“Marvel comic books suck now! They need to stop pushing political agendas! They aren’t being progressive, they’re just throwing sh*t at the walls to see what sticks! They don’t have any real grand plan!”
Comments like that from readers, along with countless others about the decline in quality from the House of Ideas, have been increasingly vocal over the past several years. To some extent, it’s understandable, as current storylines have ranged from Loki running for President to intergalactic refugees seeking asylum on Earth. Captain America has been revealed as an unwitting Hydra agent, politically-correct heroes and heroines abound, and some of their most iconic characters have been written off to make way for a new generation.
The general consensus appears to be that Marvel Comics’ current output of comic books stinks and that they’ve been getting things wrong for a while now. Fans, always vocal about characters and comic books that they know and love, want serious changes made. Even when looking at the numbers, Marvel has been taking a beating from DC in terms of sales – although those numbers are questionable when return policies and other factors are taken into account.
Marvel Comics has maintained that their sales have been fine and that their popularity amongst female readers is higher than ever, which is a clear cause for celebration. Their merchandise sells fast too, while even some of their most obscure characters have gained brand recognition. Throw in the success – both commercially and critically – of their films, and they seem to be in a good place. Except for alienating some of their long-time readers, it seems.
The news that big changes are soon on the way for Marvel has the potential to be everything those critics are hoping for. It’s promising to fix the mistakes of the recent past, with the upcoming Secret Empire being the starting point. Granted, Executive Editor Tom Brevoort compared it to a Michael Bay film – perhaps not the best of descriptions – but in terms of action, that sounds pretty good. There may be some reason for the critics to cheer soon if they deliver on their promises. But was Marvel really in such bad shape?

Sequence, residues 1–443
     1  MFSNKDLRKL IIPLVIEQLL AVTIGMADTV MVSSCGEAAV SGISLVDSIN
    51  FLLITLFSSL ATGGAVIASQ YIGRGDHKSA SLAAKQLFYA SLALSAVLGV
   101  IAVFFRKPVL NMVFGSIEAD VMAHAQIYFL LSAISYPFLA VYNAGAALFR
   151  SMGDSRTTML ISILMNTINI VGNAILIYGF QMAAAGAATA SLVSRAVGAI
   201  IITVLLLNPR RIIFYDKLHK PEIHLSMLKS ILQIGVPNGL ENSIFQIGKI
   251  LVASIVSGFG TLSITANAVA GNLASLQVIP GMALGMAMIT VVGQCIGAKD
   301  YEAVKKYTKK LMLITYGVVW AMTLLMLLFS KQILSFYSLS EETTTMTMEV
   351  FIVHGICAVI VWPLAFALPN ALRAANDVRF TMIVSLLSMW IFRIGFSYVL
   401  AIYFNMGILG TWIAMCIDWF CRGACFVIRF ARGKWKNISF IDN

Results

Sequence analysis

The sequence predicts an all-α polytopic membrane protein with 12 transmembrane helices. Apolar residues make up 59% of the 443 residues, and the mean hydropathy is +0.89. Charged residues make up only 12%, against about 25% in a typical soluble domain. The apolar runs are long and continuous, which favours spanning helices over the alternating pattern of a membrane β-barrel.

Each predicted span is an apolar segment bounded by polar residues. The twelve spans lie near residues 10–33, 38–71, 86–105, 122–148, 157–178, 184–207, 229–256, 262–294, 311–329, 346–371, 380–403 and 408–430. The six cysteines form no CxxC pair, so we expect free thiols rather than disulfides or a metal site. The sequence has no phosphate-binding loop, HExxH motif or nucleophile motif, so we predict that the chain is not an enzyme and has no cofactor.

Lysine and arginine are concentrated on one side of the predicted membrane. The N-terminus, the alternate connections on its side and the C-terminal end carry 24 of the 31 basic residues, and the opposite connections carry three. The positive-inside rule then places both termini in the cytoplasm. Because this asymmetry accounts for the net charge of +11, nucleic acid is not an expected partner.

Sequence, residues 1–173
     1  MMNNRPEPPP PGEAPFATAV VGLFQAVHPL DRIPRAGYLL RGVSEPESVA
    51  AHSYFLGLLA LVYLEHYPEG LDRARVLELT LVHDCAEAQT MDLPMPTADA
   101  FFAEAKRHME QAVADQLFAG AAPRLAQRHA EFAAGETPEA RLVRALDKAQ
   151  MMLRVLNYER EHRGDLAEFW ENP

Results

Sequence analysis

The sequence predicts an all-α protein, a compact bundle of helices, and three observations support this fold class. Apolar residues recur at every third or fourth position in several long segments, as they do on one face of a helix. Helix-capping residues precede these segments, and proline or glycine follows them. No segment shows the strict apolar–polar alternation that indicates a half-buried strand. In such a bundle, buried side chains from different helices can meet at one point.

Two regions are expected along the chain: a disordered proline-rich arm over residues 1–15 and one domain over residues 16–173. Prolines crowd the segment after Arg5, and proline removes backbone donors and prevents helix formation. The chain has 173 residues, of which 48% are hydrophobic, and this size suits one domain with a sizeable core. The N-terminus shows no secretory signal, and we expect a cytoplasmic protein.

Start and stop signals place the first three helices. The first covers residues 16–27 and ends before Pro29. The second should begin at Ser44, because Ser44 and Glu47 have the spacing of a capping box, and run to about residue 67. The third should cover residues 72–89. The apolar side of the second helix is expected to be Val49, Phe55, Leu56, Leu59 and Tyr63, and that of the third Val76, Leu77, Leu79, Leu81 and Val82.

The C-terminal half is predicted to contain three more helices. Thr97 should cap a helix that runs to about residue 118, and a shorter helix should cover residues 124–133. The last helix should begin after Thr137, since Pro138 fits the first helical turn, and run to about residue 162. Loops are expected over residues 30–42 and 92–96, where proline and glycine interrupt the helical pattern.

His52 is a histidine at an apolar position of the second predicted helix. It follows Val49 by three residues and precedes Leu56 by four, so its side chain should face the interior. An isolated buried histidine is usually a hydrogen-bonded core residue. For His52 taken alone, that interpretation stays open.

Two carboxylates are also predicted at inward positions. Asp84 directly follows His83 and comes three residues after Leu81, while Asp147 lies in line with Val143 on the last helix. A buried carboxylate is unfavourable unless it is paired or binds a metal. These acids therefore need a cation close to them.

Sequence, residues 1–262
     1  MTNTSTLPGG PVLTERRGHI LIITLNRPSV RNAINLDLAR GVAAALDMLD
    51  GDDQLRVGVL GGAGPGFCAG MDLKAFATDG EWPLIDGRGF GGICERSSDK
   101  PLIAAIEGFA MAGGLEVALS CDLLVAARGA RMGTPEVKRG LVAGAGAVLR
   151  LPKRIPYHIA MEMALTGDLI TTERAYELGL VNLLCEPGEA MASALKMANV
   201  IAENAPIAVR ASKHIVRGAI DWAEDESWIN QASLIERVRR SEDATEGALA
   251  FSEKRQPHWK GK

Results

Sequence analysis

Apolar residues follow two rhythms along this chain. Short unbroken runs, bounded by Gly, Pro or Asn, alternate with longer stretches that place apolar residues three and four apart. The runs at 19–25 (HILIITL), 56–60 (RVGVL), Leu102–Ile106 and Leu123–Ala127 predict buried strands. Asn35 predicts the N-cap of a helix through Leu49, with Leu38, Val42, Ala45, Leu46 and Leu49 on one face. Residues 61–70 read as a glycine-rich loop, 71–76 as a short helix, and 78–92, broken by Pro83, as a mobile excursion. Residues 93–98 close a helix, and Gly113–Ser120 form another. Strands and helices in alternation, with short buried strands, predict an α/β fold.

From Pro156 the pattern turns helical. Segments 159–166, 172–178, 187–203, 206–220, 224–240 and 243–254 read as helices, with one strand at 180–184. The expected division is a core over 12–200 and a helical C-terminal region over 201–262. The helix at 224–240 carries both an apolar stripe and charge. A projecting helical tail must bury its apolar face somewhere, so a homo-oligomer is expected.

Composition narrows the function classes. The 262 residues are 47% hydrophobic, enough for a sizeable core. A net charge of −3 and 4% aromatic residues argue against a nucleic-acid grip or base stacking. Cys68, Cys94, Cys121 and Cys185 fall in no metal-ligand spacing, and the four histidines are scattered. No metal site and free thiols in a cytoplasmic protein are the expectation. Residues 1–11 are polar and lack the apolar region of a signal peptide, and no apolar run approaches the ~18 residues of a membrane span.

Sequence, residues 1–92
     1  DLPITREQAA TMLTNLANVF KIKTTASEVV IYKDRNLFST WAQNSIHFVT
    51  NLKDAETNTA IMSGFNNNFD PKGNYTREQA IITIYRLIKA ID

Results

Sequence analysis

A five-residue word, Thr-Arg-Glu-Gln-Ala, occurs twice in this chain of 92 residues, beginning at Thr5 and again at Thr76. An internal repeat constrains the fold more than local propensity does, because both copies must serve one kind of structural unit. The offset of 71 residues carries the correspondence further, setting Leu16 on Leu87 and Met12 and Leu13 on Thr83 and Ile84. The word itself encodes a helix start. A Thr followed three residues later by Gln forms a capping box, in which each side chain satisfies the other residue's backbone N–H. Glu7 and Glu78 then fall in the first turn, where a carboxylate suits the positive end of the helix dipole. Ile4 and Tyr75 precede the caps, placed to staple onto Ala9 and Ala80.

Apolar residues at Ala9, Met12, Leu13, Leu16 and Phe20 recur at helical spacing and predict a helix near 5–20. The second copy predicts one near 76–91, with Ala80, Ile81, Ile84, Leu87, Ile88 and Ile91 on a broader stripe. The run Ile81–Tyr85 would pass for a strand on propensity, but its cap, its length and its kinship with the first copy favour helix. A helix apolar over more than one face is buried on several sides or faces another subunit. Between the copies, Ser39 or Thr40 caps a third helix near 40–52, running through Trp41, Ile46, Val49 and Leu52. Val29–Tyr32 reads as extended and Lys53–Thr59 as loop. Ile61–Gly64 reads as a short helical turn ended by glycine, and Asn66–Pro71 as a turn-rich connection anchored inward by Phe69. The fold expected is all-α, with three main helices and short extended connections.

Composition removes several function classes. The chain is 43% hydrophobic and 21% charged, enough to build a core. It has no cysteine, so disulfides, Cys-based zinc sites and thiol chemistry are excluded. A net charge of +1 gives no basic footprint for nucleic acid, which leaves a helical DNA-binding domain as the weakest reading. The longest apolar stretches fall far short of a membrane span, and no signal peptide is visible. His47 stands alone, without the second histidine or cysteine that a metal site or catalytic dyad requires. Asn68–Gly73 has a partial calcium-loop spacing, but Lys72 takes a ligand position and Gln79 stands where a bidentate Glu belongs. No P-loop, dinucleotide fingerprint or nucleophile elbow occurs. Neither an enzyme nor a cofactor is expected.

Comic books (including Marvel’s comic books), like all forms of entertainment, are subject to trends. In the world of cinema, sci-fi films may dominate for a while, but then people tire of them and move on to thrillers, fantasy films, dramas and so on. No one genre is safe in the long-term, even superhero films, because the market becomes over-saturated with too much of the same thing. The trick is to stay ahead of the curve and work out what will be the next big thing. Unfortunately, in a medium where originality is the hardest thing to sell, there are more losers than winners. Meanwhile, the studio system wants to milk an existing money-making trend until it’s dry, which is why so many sequels and remakes exist. They’re considered the closest thing to a safe bet.
The big two comic book companies, Marvel and DC, have been doing a symbiotic dance with each other for many years as they follow old trends and try to create new ones. Their supposed rivalry has been dismissed at times as just being in the minds of the fans, while the creators from both companies would happily mingle and swap stories over lunch. While the latter may be true, it’s also fair to say that the creators and companies have benefitted from each other’s presence as well as trying to hinder their progress, and some of the behaviour from all involved is less about friendly competition as it is about trying to run each other into the ground.
It’s hardly any surprise that the two companies have ridden each other’s coat-tails over the years, from similar characters and concepts ranging from X-Men/Doom Patrol and Challengers of the Unknown/Fantastic Four to the notorious Deathstroke/Deadpool swipe. The Superhero Registration Act may be an extension of the one for Mutants in the Marvel U, but the JSA faced the very same thing back in the DCU many years earlier. The crossover events at one company may be good for business, but they’re bound to be followed soon after by a major crossover event at the other.
As a positive, it means that any original idea can create a bold new trend and create constructive back-and-forth creativity. Unfortunately, it’s also such a close dance that when one stumbles, the other tends to do the same because it’s still trying to copy the same steps.